Just because the thermometer is dropping doesn’t mean you have to stay holed up inside. Waynesboro’s park system invites outdoor play any season of the year. Each park has its own flavor, so read on to find the perfect park for you this fall and winter.
Highlights: Play structure, tennis courts, ball fields, forest trail, sledding
Ridgeview Park hosts numerous festivals and concerts during the summer months and lures crowds to its 50-meter outdoor swimming pool, but when fall comes, a whole new beauty emerges. Cross the iron footbridge and watch the autumn leaves drop into the South River. Enjoy a nature walk through the wooded trail that borders soccer field #3 (across the bridge). Play a game of catch in one of the sunny baseball fields or simply enjoy the gazebo overlooking the serene river. Kids will love the elaborate play structure even on cooler days. And in the winter months, the bare trees and snowy landscape make a lovely backdrop for a walk—a paved path cuts through the center of the park, connecting two neighborhoods and making it easy to access even during snowy weather.
If it snows: Bring your sled, tube, or snowboard and try out the steep sledding hill that has been drawing thrill-seekers since the park’s creation.
Forget the pumpkin lattes and eggnog! Add real spice to your holidays with a family trip to Waynesboro, Virginia. Nestled in the Shenandoah Valley, this city’s vibrant heritage of arts, adventure, and community as well as its close proximity to lots of Shenandoah Valley attractions, makes it an extraordinary backdrop for creating family memories.
Waynesboro has been called “trout central in the Old Dominion” and aptly so. With the South River flowing through downtown and quality trout fishing available year-round, Waynesboro has become a destination for anglers around the world.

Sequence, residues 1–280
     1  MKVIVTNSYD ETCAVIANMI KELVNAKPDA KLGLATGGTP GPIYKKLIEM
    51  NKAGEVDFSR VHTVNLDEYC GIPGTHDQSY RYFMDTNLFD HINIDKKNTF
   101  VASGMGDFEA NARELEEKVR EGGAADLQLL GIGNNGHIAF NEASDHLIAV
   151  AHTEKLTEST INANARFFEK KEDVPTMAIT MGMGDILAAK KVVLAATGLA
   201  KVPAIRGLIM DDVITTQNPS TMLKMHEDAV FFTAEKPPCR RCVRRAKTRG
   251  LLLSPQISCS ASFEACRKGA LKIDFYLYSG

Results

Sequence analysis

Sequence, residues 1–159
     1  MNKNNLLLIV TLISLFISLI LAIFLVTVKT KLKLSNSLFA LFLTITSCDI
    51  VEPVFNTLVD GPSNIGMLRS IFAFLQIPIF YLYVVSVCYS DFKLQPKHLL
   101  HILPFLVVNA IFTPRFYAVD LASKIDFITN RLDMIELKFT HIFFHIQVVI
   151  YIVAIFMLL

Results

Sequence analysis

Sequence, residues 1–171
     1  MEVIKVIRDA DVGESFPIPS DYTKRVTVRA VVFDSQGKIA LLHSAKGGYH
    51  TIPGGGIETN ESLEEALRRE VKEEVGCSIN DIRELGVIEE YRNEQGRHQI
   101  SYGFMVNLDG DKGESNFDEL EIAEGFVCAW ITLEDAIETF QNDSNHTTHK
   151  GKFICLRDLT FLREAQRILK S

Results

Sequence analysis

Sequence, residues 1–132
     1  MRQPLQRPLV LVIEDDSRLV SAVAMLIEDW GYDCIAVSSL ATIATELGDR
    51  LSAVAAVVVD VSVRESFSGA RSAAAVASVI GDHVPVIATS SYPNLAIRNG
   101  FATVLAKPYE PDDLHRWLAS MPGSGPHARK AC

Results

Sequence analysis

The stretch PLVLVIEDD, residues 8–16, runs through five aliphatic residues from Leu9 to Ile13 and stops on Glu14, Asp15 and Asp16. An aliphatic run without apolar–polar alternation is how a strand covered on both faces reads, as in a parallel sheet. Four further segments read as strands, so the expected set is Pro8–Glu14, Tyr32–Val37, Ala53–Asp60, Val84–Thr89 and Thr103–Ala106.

This centrally-located, urban fishery also has an allure for families planning their vacation. “There’s something here for everyone,” say South River Fly Shop co-owners Tommy Lawhorne and Kevin Little. “Within 30 minutes whatever lodging you want is here,” says Kevin. “From backcountry camping in the National Forest all the way to RV to cabins to B&Bs to hotels. Same thing with food, same thing with culture, mountain biking, paddling, and hiking. And in the middle of that, we have a trout stream that is large enough to be a destination that can support numerous people a day and is year-round viable.” Continue reading “Waynesboro VA: A Fishing Destination for the Whole Family”
I grew up in Waynesboro in the 1970s, when the manufacturing giant DuPont presided over the city like a godfather. Everyone knew someone who worked at the plant, and the research and development that went on there was a matter of pride for the whole community. The critical but silent partner in DuPont’s success was its water source, the South River, which wound its way gracefully through the city. Because DuPont extended its arms along a one-mile stretch of the river, there were only a handful of places within city limits that the public could enjoy the river’s beauty. Ridgeview Park was one—with its duck population and fun steel bridge—but I don’t recall ever dipping a toe into the water, and I never saw anyone paddling a kayak.
Fast forward to the present day, when access to the South River has changed dramatically. In 1987 DuPont donated riverfront land to create Constitution Park along Main Street, opening up a section of river that had previously been restricted; more recently, Parks Recreation installed an adjoining Greenway Trail for pedestrians; wading areas were developed in Ridgeview Park; fly fishing took off; and festivals lauding the river’s majesty began to sprout up. The river changed from an industrial asset to a tranquil spot for rest and relaxation. Continue reading “#LiveLikeaLocal: R&R on the River”
Fox Disc Golf Course borders the dog park at Coyner Springs Park.
If you were to ask me if I enjoyed Frisbee throwing, I would say Sure. If you were to ask if I was skilled at it, I would say No. When I throw a Frisbee, it usually veers off to the right in a tilt like it’s climbing a skyscraper, then plummets to the ground in a donut roll. My children, on the other hand, can whip out a Frisbee with table-top flatness and bulls-eye accuracy at a speed of 95 mph, creating a missile so deadly, you’re afraid to catch it. They can throw underhand and behind their heads with the same result. So when I was offered a chance to try out Waynesboro’s Fox Disc Golf Course, I naturally took them along in order to see how it’s really supposed to be played. Continue reading “A (Disc Golf) Course in Nature”